It tells us in more than a thousand words, the back story of the movie. It tells us how Tonto probably arrived on location for a shoot the day before it began and saw the script for the first time that day. What time does she have in the one week allotted to shooting, to grow back her brows, poor child. But she could have scrubbed her face clean or done her makeup so badly we would be convinced she was truly not of this world (this world is not my home playing in the background). It tells us too of bad, or lack of control with the, directing.
Is that not how Genevieve in some Cinderella story-type movie was suffering in the village, gathering firewood etc with perfectly done French tips? Is that not how Rita Dominic in some Historical movie had on a weave? (and I do have the back story on that one- you see, I was in the movie and may it never see the light of day). What about when Regina Askia had a perm beneath her habit in Sisters on the run? And when a doctor told a wife in front of her husband that she was HIV positive? How about when you see beautifully painted two-tone walls, the kind you see in Home and Gardening, on a house with ugly curtains and threadbare furniture trying too hard to portray a poor family. But the paint job just betrays that. Can we not do research?
You notice, I am mixing up movies from as far back as 1999 with present day movies, to illustrate that Nollywood isn’t learning. Not really. The actors are learning to twist their tongues into more and more arcane home-grown ‘foreign’ accents, their hair, makeup and wardrobe is more expensive, the scripts are sometimes about contemporary issues like social media and blackberry (aargh), but it’s still the same. There are of course exceptions. If I mention names, bad bele people will say it’s ‘cause they are my friends.
And that brings me to another thing – culture placement in Nollywood movies. How do we know about Starbucks coffee, about Macdonalds, about The Ritz, The statue of Liberty, The Eiffel Tower. We didn’t travel to find them; we travelled to find them (mull over that for a bit). Who comes to Tinapa because they saw it glorified in a movie and thought I must see that! Third Mainland Bridge, National Arts Theatre, Obudu Mountain Resort, Olumiri waterfalls Erin Ijesha, Ikogosi Warm springs, Olumo rock, The Hills of Idanre, Kwa falls, Agbokim water falls, our food? We need to celebrate our edifices and let the world know that we do more than juju, 419 and Runs. How about the culture we are so hung up on? Our masquerades? Historical background to traditions like payment of bride price, wine carrying. Some research. Some context. Not make-believe Kings and queens and princesses in Igbo movies.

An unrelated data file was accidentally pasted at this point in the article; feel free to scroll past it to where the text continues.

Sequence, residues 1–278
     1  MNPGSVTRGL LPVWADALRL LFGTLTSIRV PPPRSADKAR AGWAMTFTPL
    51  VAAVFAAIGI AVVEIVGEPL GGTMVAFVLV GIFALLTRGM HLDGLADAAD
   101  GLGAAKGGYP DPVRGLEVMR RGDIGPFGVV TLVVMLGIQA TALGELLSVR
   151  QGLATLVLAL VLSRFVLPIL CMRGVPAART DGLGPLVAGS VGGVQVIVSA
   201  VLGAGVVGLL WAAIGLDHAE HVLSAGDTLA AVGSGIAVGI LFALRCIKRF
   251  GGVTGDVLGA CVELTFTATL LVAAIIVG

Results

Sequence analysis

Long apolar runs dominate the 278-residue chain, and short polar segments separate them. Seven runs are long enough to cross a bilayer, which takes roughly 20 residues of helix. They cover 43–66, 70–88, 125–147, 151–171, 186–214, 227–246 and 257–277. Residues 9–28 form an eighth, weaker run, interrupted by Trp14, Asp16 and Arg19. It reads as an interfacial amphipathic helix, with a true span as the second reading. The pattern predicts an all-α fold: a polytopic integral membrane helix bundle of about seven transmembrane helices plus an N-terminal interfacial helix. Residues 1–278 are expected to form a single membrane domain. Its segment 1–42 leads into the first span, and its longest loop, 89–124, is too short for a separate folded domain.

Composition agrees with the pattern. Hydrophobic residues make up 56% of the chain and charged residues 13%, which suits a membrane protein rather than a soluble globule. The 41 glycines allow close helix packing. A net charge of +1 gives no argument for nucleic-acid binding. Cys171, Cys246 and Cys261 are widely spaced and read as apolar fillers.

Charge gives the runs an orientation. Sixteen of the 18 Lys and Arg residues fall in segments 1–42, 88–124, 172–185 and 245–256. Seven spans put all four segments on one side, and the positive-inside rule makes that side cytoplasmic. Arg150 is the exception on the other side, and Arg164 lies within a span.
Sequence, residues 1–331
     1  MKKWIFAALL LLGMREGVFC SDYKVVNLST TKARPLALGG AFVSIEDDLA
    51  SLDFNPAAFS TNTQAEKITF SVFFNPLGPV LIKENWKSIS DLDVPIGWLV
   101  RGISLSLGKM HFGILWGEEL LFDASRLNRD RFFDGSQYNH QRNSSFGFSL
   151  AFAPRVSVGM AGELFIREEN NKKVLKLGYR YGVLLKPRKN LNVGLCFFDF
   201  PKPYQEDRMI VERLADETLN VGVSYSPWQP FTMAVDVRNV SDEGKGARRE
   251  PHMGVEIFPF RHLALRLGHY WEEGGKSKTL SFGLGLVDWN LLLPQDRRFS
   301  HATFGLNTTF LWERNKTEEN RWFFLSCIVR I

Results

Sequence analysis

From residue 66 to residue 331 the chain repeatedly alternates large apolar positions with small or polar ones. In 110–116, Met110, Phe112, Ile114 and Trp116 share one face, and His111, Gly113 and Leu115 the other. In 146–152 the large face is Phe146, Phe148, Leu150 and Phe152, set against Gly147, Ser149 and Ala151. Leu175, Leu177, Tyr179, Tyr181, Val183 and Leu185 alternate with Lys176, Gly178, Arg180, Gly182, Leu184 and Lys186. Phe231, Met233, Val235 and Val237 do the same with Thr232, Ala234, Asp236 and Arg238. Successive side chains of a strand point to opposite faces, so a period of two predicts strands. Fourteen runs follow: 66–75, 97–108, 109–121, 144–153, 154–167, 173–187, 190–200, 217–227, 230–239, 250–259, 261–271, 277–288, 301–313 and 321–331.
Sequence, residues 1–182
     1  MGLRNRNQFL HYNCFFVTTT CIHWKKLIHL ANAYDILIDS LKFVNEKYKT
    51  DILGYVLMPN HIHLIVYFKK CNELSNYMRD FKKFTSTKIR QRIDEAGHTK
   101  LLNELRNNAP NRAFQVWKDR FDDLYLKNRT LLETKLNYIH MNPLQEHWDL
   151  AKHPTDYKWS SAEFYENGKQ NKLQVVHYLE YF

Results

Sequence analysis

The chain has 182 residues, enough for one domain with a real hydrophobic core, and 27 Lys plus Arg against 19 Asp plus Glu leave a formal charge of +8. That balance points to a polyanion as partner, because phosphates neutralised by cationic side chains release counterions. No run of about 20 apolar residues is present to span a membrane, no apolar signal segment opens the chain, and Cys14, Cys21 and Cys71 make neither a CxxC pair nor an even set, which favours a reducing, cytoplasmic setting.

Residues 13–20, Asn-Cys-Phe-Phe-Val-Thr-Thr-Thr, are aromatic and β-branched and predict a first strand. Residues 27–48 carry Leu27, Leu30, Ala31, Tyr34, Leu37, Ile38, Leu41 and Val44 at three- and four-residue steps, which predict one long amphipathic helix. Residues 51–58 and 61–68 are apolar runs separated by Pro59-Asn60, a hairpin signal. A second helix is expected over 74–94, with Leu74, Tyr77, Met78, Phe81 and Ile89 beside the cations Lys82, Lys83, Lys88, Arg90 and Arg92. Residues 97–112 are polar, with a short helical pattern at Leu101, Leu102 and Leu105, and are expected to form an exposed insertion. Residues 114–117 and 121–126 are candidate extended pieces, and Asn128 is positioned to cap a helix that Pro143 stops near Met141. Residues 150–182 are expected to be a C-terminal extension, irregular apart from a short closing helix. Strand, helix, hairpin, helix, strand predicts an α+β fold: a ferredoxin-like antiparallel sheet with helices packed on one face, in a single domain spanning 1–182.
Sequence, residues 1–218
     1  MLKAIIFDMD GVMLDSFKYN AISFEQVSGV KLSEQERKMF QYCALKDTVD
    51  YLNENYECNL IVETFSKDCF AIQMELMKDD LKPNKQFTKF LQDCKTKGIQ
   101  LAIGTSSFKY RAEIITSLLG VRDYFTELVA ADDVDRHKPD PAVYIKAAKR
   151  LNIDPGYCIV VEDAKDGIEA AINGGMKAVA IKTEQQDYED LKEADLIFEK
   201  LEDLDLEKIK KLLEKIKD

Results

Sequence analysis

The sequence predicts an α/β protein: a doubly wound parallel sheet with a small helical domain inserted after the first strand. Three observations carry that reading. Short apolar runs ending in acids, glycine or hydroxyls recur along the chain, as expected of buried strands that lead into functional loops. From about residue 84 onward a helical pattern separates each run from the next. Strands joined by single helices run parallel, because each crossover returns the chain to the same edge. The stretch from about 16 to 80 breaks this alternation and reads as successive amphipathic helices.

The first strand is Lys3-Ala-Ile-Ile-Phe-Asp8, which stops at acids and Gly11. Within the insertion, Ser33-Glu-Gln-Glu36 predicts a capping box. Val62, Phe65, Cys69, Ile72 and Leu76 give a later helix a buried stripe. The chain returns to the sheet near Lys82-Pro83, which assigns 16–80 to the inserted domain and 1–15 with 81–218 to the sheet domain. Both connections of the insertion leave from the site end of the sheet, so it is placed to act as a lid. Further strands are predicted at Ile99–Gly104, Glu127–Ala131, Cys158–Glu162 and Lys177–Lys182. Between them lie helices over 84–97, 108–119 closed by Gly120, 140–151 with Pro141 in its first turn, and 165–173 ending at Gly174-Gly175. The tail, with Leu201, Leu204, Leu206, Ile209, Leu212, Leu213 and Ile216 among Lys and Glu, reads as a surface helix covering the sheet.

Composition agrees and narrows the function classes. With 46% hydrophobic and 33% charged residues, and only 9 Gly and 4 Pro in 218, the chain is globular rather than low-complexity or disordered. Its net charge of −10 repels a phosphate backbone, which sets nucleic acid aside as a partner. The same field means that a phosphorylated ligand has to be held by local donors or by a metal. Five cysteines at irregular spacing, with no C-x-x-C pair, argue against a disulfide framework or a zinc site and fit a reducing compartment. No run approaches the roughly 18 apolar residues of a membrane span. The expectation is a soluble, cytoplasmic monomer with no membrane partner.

Our movies are such an important Tourist and Cultural tool. We all know what the white house, down to the oval office looks like; who knows what Aso Rock looks like? We know so much about Past US presidents (including their dirty laundry) that we feel almost related to them by blood, what do we know of our history except the things we grunt over in history class? (Oh by the way, hasn’t History been removed from our schools’ curriculum? Right! ) We know so much about Donald Trump, Bill Gates, Richard Branson, what do we know of our own Dangote, (let me not mention too many names – their money is probably too dirty that maybe they had best stay under wraps). Steve Jobs, Winnie Mandela, Mark Zuckerburg, Idi Amin, countless US Presidents, they all have Biopics. So, we mean we don’t have any interesting enough national figures, whose stories are important and inspiring enough to go beyond being named for Airports, roads, streets and stadia. And sometimes, universities – with the attendant riot.
So we keep our heroes (good and bad) under wraps, and continue to churn out absurd and utterly mindless movies, day after day.
The whole point of this post is to point out that we keep blaming the lack of quality of Nollywood products on finances and technology, but I want you to understand that while we can appreciate those challenges, let us deal with the ones that can be fixed,like our plots and scripts, which are getting stupider and stupider as the days go by. Many times you see evidence of such incompetent directing. How about the absolute indifference to post production? Do we do Rushes? Ha. If we fixed these, I would watch a movie recorded with phone video camera. I shudder to think what is the fate of anyone who derives majority of their entertainment from Nollywood.
Recommendations; there are a lot of writers all around the place. Buy scripts. There are lots of talented unknown musicians, please commission them for soundtracks. Our soundtracks make me cringe with embarrassment. You say if you made quality movies, you would run at a loss? Leave the business.
Nollywood insults Nigerians. Abi we insult ourselves? We are a consumer nation and we will continue to keep them in business, that’s why it will not get better. Lucky for the rest who won’t settle, more and more progressive moviemakers are emerging every day, still hugging the shadows and doing their work in the background, but slowly but surely, they will take over.
But dear Nollywood, you are twenty now. You can vote. You can have sex. you can move out of your parent’s home. You are an adult. Fix this already.
COROLLARY; I wrote this months ago, way before i ever knew I was attending a screenwriting workshop. So no, this is not about that. This is me ranting before knowing I would join the ranks of… well, the movie community.